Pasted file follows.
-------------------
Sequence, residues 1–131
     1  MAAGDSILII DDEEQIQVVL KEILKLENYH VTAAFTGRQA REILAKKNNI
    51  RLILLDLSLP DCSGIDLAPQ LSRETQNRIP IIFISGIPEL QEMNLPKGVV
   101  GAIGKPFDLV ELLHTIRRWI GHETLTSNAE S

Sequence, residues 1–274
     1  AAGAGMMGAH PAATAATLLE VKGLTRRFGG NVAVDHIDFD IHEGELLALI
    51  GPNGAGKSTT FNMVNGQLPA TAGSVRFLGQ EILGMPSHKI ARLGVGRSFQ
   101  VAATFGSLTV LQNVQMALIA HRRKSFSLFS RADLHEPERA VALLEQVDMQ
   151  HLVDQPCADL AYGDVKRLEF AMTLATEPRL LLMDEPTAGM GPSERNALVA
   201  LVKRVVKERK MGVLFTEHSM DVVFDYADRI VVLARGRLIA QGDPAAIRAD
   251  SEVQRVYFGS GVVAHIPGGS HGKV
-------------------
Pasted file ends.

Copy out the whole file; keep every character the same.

Sequence, residues 1–131
     1  MAAGDSILII DDEEQIQVVL KEILKLENYH VTAAFTGRQA REILAKKNNI
    51  RLILLDLSLP DCSGIDLAPQ LSRETQNRIP IIFISGIPEL QEMNLPKGVV
   101  GAIGKPFDLV ELLHTIRRWI GHETLTSNAE S

Sequence, residues 1–274
     1  AAGAGMMGAH PAATAATLLE VKGLTRRFGG NVAVDHIDFD IHEGELLALI
    51  GPNGAGKSTT FNMVNGQLPA TAGSVRFLGQ EILGMPSHKI ARLGVGRSFQ
   101  VAATFGSLTV LQNVQMALIA HRRKSFSLFS RADLHEPERA VALLEQVDMQ
   151  HLVDQPCADL AYGDVKRLEF AMTLATEPRL LLMDEPTAGM GPSERNALVA
   201  LVKRVVKERK MGVLFTEHSM DVVFDYADRI VVLARGRLIA QGDPAAIRAD
   251  SEVQRVYFGS GVVAHIPGGS HGKV